Director: Richard L. Bare
Writer: Charles Beaumont
Cast: Susan Gordon, J. Pat O’Malley, Nancy Kulp, Wesley Lau, Paul Tripp, Russ Bender, Stephen Talbot, and Johnny Eiman
Composer: None (Stock Music)
Air Date: 3/9/1962
Production Code: 4816
Old Ben (J. Pat O’Malley)—a magical, intergalactic fugitive adored by a group of neighborhood children—explains his predicament to young Jenny (Susan Gordon), who lives with a mean-spirited aunt named Agnes (Nancy Kulp). Trouble occurs when two men (Wesley Lau and Paul Tripp) arrive at Aunt Agnes’ apartment in search of Old Ben, placing Jenny in grave danger.
A cute and heartwarming episode, this entry may appeal to those who enjoy The Twilight Zone for its fantasy-themed installments. Others may, however, wish to avoid “The Fugitive” for its hackneyed execution.
Though potentially taboo in today’s society, the concept of an elderly man befriending a sweet, innocent young girl is made innocuous by the performance of J. Pat O’Malley—a character actor whom series enthusiasts will recognize from “The Chaser,” “Mr. Garrity and the Graves,” and “The Self-Improvement of Salvadore Ross.” Specifically, the kind and gentle manner of O’Malley’s character—later revealed to be an alien from another planet—precludes any possibility of predatory intentions on his part, prompting viewers to accept Old Ben in spite of his quirky and suspicious behavior.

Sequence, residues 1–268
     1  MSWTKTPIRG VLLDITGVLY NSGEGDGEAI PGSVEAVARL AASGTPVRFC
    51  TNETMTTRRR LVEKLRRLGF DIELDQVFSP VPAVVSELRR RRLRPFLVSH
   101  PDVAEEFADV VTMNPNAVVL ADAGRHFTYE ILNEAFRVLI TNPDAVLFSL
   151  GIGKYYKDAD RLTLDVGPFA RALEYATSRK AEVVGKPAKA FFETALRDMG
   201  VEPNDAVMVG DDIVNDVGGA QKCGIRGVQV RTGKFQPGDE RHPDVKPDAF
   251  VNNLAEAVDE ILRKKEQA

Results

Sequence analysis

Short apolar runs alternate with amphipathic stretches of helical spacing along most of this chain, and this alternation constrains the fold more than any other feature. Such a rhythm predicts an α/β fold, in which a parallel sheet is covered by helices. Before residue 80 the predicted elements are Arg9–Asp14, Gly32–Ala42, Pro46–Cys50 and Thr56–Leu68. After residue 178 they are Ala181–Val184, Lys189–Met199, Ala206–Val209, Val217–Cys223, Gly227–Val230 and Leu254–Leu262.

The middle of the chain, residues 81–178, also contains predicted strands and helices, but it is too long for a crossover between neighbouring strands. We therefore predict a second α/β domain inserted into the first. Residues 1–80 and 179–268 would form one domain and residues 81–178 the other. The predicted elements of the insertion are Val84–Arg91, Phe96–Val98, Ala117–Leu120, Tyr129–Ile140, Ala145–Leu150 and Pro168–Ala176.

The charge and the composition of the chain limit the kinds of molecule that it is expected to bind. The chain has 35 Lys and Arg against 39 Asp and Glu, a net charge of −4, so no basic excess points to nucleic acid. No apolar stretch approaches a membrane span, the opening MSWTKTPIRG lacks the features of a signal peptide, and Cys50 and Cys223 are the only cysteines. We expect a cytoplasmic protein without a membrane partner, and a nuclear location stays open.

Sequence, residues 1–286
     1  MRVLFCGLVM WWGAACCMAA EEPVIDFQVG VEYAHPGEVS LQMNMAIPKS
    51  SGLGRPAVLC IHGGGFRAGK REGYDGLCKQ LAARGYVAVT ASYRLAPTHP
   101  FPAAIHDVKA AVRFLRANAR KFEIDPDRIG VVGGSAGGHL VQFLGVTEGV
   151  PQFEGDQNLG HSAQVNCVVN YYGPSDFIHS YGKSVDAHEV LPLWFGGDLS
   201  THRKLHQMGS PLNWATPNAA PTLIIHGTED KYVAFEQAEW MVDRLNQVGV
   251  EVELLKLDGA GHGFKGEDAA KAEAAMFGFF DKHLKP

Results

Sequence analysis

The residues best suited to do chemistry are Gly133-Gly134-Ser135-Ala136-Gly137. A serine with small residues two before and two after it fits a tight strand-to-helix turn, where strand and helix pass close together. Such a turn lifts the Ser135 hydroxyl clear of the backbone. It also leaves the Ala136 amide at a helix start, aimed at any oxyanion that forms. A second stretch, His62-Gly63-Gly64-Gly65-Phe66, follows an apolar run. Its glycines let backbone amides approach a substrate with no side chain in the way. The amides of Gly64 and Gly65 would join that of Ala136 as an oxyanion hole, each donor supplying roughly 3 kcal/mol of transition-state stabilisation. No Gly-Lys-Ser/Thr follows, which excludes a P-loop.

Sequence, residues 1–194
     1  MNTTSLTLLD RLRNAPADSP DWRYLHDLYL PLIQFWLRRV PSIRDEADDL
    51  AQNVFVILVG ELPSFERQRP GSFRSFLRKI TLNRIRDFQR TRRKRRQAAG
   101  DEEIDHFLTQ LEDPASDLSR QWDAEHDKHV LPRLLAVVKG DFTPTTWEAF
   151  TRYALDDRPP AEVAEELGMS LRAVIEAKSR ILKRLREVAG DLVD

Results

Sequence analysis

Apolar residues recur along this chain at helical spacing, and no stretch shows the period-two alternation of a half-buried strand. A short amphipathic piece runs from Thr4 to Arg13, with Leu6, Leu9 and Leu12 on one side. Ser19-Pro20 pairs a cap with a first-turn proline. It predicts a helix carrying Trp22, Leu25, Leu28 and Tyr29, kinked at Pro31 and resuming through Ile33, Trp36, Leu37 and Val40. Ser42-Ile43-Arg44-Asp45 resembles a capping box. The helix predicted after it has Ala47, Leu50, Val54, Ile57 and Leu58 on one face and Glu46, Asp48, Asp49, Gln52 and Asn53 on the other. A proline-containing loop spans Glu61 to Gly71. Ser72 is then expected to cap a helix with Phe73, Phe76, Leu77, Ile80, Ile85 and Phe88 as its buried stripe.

(Spoilers beyond this point)
The twist ending of “The Fugitive” deserves criticism for two reasons. First, Old Ben and his fellow aliens resort to kidnapping Jenny in the final scene—a morally dubious act, even when considering the abusive nature of Aunt Agnes. Also problematic is the fact that, according to the closing monologue of Rod Serling, Old Ben eventually takes the adult version of Jenny to be his queen, implying a romance between both main characters—a bizarre and unnecessary extension of Jenny’s friendship with Old Ben.
Despite featuring a number of clichéd story aspects, “The Fugitive” accurately depicts the phantasmagorical thinking of a typical child. Those who possess a youthful spirit may therefore appreciate this offering, which allows the audience to empathize with the wondrous, carefree perspective of Jenny.
“The Fugitive” benefits from the poignant chemistry of O’Malley and child actress Susan Gordon. Nevertheless, this episode is marred by a superfluous, poorly written conclusion.
Overall Quality: 6/10
If you enjoyed this post, please enter your email address in the subscription box to stay tuned for more updates.